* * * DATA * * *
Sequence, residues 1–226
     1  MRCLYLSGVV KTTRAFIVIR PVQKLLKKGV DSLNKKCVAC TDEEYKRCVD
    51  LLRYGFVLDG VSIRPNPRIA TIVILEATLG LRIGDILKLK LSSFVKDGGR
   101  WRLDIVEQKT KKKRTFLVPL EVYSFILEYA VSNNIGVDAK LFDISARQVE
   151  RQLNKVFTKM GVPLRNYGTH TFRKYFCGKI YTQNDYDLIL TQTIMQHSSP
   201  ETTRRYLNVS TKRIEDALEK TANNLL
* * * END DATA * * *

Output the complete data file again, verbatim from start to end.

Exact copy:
Sequence, residues 1–226
     1  MRCLYLSGVV KTTRAFIVIR PVQKLLKKGV DSLNKKCVAC TDEEYKRCVD
    51  LLRYGFVLDG VSIRPNPRIA TIVILEATLG LRIGDILKLK LSSFVKDGGR
   101  WRLDIVEQKT KKKRTFLVPL EVYSFILEYA VSNNIGVDAK LFDISARQVE
   151  RQLNKVFTKM GVPLRNYGTH TFRKYFCGKI YTQNDYDLIL TQTIMQHSSP
   201  ETTRRYLNVS TKRIEDALEK TANNLL